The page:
Brown suggested that Asian-Americans should find a way to make their names more accessible.
“Rather than everyone here having to learn Chinese — I understand it’s a rather difficult language — do you think that it would behoove you and your citizens to adopt a name that we could deal with more readily here?” Brown said.
Brown later told Ko: “Can’t you see that this is something that would make it a lot easier for you and the people who are poll workers if you could adopt a name just for identification purposes that’s easier for Americans to deal with?”
Milady, of course, was pissed when she read the story. Personally, I'm not surprised at either the thoughtlessness of Rep. Brown for actually making the statement or her refusal to apologize for her comments, instead blaming the Democrats (naturally) for "using racial rhetoric to inflame partisan feelings against the bill."
Instead I will award Rep. Brown with my first "Wanker of the Day" award. Rep. Brown, I salute you!
Update: The Youtube video of Rep. Brown's comments is available, which I've added to this post below. The offensive comments start at the 0:30 mark:
Crooks & Liars had a good riposte to Rep. Brown's remarks:
Oy. I guess Rep. Brown should be grateful she was not facing Zbigniew Brzezinski. That might have made her look stupid.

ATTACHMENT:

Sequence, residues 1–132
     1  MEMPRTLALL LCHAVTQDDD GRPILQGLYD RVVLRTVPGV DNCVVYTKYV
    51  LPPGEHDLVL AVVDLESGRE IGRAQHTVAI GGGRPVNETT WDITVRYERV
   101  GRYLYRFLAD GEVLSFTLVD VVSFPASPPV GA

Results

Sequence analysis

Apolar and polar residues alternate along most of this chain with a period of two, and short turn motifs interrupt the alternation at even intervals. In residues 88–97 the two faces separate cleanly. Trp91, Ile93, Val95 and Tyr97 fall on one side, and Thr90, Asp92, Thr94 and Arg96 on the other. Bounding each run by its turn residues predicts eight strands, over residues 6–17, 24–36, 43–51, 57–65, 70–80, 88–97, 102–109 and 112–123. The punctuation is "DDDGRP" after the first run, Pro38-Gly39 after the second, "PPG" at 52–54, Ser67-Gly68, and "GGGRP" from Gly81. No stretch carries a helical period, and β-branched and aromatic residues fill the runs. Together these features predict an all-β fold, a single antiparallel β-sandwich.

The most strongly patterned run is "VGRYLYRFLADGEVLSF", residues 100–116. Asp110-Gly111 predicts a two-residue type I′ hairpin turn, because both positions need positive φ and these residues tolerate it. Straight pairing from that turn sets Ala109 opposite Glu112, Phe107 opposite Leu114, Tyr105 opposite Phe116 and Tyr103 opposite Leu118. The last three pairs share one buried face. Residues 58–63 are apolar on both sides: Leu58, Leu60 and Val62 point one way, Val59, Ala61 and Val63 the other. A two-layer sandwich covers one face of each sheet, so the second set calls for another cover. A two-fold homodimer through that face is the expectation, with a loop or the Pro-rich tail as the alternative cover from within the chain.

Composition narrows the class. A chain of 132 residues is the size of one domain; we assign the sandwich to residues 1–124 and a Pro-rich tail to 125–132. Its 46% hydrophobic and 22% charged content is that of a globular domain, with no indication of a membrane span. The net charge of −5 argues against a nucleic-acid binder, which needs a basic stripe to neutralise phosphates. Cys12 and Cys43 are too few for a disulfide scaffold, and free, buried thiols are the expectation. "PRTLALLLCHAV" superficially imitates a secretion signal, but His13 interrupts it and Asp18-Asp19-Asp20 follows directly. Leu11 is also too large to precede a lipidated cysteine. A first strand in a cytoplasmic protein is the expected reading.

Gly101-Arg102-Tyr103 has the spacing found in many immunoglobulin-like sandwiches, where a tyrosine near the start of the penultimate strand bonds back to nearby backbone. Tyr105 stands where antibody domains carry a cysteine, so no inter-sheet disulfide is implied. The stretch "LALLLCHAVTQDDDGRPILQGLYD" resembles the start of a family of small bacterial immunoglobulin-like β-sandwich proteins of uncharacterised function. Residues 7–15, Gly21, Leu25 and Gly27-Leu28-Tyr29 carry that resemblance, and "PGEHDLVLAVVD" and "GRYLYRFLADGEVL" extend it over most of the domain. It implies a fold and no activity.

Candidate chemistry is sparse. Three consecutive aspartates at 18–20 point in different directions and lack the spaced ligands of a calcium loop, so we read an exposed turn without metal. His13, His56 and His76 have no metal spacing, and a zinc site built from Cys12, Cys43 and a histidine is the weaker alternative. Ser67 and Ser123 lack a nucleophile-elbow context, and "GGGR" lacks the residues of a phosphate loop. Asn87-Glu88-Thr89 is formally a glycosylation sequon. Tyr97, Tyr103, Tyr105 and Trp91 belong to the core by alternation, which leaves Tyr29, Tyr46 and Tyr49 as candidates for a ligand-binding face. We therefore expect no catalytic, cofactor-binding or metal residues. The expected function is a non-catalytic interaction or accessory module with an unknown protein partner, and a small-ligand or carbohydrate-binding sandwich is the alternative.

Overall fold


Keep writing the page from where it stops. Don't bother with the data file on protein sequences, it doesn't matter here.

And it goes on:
Update #2: Rep. Brown has now apologized for her remarks. In The Dallas Morning News:
Rep. Betty Brown, R-Terrell, said that she "apologizes for her remark in the Elections Committee on Tuesday, April 7," in a statement issued late Thursday.
She said she appreciates testimony that made legislators aware of problems faced by Asian-Americans when acquiring identification and that she understands the "diversity of Texas" and the "enrichment" that Asian-Americans have brought to the state.
Brown, in the statement, said the controversial quote was one sentence from a conversation dealing with the difficulty in translating names. She pointed out that she was talking about the issue of transliteration and told Ko that she wasn't asking him to change his name.
John C. Liu, a New York City Councilman who had called on Brown to apologize, said Brown's statement is "a fair first step," but doesn't go far enough, in his statement. Liu noted that Brown's comments during the exchange with Ko went well beyond the concept of transliteration.